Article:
A Selfish Thing to Do
By Adam Dixon
I peered through my binoculars at the house on the hill. It was a simple detached house with large front windows through which I could see the old woman. She was as I remembered her from the previous week: white haired, bespectacled and bent almost double from arthritis. She was wearing a similar dated floral dress with a grey cardigan over it. I watched her impassively for a few minutes, observing her movements around the house. She got out of her straight-backed leather chair and tottered off into the kitchen to make a cup of tea; I could almost hear the creaking of her joints as she did so. She then resumed her place on her chair, and once I was satisfied that she would remain there I put my binoculars down and picked up my rifle.
I marked the old woman through the telescopic sight and adjusted the elevation knobs accordingly. She was just over two hundred yards away, and there was only a slight breeze ruffling my hair as I lay there and took aim. Conditions were almost perfect. I waited whilst the woman drank her tea; there was no reason to rush. Once she had placed her cup on her table I squeezed the trigger. The muffled rifle coughed and the bullet punched through the glazed windows effortlessly. The old woman jerked back in her chair, green upholstery turning crimson in an instant. Her head fell forwards onto her chest, almost as if she had fallen asleep. Satisfied, I stood up and began disassembling my rifle. My final target was dead.
I returned to the Institution later that afternoon. I relinquished my equipment to the reception staff and strode calmly through the corridors. After a few minutes walking I reached the door to the holding cell. It was reinforced and painted an emotionless white, just like the walls surrounding me. After punching in the security code I let myself in. The original target was slumped over at a table, flanked by two guards dressed in black suits. I nodded to them briefly, and without a word they exited the room. After a few moments of complete silence, the man raised his head to look at me. He was a short man in his forties, with a bulbous nose and a receding hairline. His face was haggard and there was torment in his eyes. That was good.
“They’re all dead.” I said, answering his unvoiced question. The man whimpered and squeezed his eyes shut, covering his face with his hands. Wretched sobs began to wrack his body as he sat there, and I simply watched him with disinterest.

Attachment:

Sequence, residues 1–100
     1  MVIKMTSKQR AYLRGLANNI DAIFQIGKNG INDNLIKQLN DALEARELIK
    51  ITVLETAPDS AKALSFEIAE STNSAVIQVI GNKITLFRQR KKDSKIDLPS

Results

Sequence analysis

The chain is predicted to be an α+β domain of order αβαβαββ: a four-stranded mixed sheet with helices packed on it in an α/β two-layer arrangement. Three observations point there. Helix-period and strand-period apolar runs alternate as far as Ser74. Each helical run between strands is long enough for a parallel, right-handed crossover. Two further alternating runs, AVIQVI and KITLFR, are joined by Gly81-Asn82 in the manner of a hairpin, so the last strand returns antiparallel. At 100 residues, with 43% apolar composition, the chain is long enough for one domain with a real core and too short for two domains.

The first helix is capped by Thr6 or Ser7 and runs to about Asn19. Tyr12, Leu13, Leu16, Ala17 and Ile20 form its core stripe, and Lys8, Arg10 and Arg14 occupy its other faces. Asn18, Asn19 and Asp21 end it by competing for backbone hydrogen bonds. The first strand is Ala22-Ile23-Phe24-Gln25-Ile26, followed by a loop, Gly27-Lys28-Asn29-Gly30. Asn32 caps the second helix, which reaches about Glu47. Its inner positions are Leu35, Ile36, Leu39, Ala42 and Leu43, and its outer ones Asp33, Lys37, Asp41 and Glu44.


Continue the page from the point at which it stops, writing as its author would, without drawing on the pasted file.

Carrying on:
“Why?” He managed to croak, his hands still shielding his eyes.
“You know very well why,” I said, slightly irritated by the question. “They had to die because you made a scene in that café last week and drew attention to yourself and me. If you had simply stood up and co-operated, this business could have been handled with the desired tact and discretion. You know how the Institution operates; we couldn’t risk any of those civilians recognising us at a later date.” I paused for a moment, letting my words sink in.
“I’m sure you will agree,” I continued. “That it was a selfish thing to do on your part. Their blood is on your hands.”
“Fuck you!” The man slammed his fists onto the table, glaring at me through tear-filled eyes. “I didn’t kill them! That was you, you cold-hearted murderer! There were children in that cafe!”
“Yes, four of them,” I replied matter-of-factly. “There were also three pensioners present, as well as the families of said children. A total of eleven civilians as collateral damage due to your outburst.”
“What was I supposed to do, just leave with you and let you kill me?!” The man spluttered, waving his arms about. I sighed at the moronic question.
“Yes, Mr. Clarke, that is precisely what you were supposed to do. However, because you decided to create a spectacle out of it, those unfortunate witnesses had to be silenced, and at great inconvenience to myself, I might add.” I allowed myself a token smile. “However, eleven targets within a week is something of a record in the Institution, I believe. Perhaps I should be grateful for the challenge.”
The man stared at me, incomprehension slapped across his red, snot-covered face.
“I don’t believe it, you’re a fucking psycho!” He spat at me then, a respectable ball of mucus striking my cheek. I carefully removed a silk handkerchief from my breast pocket and wiped it off.
“No, Mr. Clarke, I merely do my job competently and obey my superiors,” I spoke to him as if to a child. “Which marks me as the polar opposite to yourself. If you had not shirked your duties and constantly under-performed then I would not have needed to approach you in that café last week. But here we are, even after that unnecessary delay, and there is no turning back.” I strode to the door and knocked on it twice. The two guards re-entered and strode quickly up to the man, standing him upright and pinning his arms. Another man entered, this one pushing a wheeled stretcher. Once he was in the room he aided the two guards in lifting the man onto the stretcher and strapped him down securely. He struggled pathetically for a moment or two, before sagging in their grip. That was good, I detest a struggler.
I reached into the inner pocket of my suit and took out a black cylindrical container. I opened it, and inside was nestled a hypodermic syringe and a small vial of clear solution. I began my preparations, methodically going through the steps that had become second nature to me. Once everything was in order, I approached the condemned man.
“Have you any last words, Mr. Clarke?” I asked, as was customary. The man looked into my eyes and spoke in a defeated whisper.
“Go to hell, woman.” That made me grin in spite of myself.
“Not before you, Mr. Clarke.” I replied, and inserted the needle into his arm.